Hines, Barings Unveil Nashville Megaproject

The joint venture has acquired the future site of a live-work-play destination.

The Reed District, Nashville 3 f
Reed District. Image courtesy of Barings and Hines

Twelve acres at the gateway to Midtown Nashville are destined to become home to a mixed-use project now that Barings and Hines have joined forces on the acquisition of the site. Together, the joint venture partners will erect the Reed District, a 2.7 million-square-foot, live-work-play destination with a focus on music, art, food and entertainment.

Both Barings and Hines are major proponents of sustainable development, so the Reed District will be a model of environmentally friendly development, and will incorporate ESG-specific features. The partners will target LEED and WELL certifications for the property. Additionally, they will create an activated green space to serve as the anchor of the state-of-the-art project.


READ ALSO: $2.5B Waterfront Project Coming to Nashville


The Reed District, Nashville
Reed District. Image courtesy of Barings and Hines

Barings and Hines acquired the dozen acres from the Reed family, longtime owners of the property, for an undisclosed amount. The partners plan to develop the Reed District in phases, with Phase I expected to encompass 800,000 square feet of residential, hospitality and retail offerings, as well as office accommodations.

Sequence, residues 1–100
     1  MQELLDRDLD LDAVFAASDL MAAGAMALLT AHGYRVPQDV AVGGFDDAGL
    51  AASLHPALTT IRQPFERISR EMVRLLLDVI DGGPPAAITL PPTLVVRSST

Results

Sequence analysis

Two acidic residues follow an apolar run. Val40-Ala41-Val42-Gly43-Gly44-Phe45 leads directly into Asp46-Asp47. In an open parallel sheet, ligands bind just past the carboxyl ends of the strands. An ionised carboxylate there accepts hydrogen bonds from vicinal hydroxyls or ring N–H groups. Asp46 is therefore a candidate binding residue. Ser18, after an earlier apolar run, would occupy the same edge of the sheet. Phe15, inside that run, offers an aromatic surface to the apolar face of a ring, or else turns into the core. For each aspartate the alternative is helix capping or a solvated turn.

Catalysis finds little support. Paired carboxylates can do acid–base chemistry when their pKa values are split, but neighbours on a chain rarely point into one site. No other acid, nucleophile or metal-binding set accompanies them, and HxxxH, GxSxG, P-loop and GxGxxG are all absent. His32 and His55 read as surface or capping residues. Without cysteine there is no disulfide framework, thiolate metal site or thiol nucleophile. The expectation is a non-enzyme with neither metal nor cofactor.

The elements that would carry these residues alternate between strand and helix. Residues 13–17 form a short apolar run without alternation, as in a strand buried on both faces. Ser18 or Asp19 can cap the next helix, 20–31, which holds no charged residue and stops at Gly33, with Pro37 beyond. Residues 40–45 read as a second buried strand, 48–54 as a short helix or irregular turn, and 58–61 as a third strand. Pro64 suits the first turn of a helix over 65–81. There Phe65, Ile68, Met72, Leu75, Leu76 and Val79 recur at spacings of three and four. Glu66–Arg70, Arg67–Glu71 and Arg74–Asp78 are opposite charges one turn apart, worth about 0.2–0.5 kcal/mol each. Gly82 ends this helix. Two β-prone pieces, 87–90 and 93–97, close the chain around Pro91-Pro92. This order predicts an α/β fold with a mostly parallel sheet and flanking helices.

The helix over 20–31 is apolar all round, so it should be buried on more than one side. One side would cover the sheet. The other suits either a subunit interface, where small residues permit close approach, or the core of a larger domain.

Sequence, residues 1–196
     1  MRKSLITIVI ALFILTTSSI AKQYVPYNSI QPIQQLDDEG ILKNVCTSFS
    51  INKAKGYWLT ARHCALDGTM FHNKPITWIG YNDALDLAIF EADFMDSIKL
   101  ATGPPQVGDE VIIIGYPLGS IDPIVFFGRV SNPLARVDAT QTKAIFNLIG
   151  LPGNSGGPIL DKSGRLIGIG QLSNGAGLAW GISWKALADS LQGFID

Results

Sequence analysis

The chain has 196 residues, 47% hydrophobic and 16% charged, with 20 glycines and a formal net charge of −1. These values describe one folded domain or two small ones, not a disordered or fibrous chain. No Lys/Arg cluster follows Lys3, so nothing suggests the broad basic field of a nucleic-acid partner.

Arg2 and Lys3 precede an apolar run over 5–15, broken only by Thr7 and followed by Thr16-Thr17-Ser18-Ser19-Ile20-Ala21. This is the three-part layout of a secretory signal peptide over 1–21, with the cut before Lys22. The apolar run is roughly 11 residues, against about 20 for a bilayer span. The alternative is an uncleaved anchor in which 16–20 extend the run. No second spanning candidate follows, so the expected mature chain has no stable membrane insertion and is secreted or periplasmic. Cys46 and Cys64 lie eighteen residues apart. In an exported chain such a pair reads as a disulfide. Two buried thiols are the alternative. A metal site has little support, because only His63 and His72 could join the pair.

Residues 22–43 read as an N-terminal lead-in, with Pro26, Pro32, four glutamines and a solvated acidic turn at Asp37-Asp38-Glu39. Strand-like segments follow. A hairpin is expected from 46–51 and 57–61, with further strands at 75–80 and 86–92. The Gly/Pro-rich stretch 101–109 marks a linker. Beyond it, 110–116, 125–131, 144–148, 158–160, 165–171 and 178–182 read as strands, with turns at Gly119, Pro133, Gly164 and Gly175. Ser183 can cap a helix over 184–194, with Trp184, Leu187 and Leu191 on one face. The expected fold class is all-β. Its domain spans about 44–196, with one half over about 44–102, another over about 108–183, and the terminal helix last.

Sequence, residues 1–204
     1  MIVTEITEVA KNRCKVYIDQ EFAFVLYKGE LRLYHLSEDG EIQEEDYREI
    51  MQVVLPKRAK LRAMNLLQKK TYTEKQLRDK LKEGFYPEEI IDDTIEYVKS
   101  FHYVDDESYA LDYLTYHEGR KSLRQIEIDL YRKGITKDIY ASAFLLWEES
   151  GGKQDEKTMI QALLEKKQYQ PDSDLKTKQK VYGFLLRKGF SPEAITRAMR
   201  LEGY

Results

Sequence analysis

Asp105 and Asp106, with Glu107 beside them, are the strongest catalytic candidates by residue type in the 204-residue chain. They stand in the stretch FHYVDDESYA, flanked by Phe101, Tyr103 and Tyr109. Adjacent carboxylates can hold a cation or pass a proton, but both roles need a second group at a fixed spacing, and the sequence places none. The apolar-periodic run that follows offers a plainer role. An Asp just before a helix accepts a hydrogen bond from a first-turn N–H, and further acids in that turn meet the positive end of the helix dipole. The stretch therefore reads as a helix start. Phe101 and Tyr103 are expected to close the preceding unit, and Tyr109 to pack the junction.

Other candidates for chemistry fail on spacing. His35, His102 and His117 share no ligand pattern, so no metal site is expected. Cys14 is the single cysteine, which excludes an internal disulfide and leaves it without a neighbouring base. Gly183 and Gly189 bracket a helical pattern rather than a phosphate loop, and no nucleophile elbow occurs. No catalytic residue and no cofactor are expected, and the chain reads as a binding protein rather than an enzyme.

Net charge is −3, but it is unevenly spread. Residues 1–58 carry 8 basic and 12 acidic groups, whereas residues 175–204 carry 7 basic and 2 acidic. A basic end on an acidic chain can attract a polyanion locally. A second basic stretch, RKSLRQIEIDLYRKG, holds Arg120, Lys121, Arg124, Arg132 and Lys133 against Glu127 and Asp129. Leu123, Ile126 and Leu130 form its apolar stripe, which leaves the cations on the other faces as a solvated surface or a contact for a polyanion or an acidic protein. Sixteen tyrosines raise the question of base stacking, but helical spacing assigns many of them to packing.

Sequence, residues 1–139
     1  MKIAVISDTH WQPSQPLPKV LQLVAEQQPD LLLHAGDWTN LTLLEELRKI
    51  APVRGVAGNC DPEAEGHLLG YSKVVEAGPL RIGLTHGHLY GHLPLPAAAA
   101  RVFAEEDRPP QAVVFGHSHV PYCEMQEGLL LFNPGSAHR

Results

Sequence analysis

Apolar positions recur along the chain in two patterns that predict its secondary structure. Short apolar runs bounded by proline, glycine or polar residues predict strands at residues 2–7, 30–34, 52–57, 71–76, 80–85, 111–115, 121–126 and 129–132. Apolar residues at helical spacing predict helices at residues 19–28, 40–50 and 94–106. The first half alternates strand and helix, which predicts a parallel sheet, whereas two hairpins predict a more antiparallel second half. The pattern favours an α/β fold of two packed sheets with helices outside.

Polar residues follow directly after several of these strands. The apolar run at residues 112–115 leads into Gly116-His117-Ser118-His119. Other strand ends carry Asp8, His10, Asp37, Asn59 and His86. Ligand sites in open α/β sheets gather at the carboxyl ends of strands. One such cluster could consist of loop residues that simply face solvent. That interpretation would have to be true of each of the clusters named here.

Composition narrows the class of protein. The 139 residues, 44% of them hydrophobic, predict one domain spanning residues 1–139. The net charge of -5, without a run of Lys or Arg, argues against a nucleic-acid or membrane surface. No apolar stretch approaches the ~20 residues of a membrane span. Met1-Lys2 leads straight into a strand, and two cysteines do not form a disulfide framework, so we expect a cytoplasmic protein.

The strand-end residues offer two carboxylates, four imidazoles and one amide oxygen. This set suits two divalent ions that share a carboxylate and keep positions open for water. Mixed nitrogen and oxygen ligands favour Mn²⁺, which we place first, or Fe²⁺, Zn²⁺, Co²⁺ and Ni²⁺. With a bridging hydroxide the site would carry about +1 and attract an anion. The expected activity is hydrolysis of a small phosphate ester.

The 400,000 square feet of next-generation office space will consist of a new 300,000-square-foot high-rise and the most distinctive element of the development, a historic project involving the adaptive reuse of the century-old former Coca-Cola bottling plant. Located at 1525 Church St., the 1920s-era building will be converted into a 100,000-square-foot creative office workspace with added retail offerings.

Office needs in Nashville

Nashville is in recovery mode, but the Midtown submarket is faring better than many others in the metro. According to a JLL report, Midtown posted approximately 20,000 square feet of positive net absorption in the third quarter and average direct asking rents rose to $40.57 per square foot, the highest in Nashville.

The Reed District, Nashville
Reed District. Image courtesy of Barings and Hines

Metropolitan Nashville in general is on the upswing and Midtown will see its good times get even better. “A backlog of transactions patiently awaits the return of greater stability in the market, and absorption will likely pick up significantly once the public health crisis subsides,” JLL noted.

Barings and Hines expect to commence construction of the Reed District in the second quarter of 2023.

Nashville is becoming a modern-day, mixed-use mecca of sorts. Southwest Value Partners is hard at work, developing the $1 billion Nashville Yards. In February of this year, at a cost of $450 million, Skanska USA delivered Fifth + Broadway, the largest single-phase, mixed-use development ever undertaken in the city of Nashville at the time. And two weeks ago, at the end of October, Ewing Properties announced plans for Riverside, a $2.5 billion, 5 million-square-foot, live-work-play compound along the Cumberland River. All three projects have notable office components.

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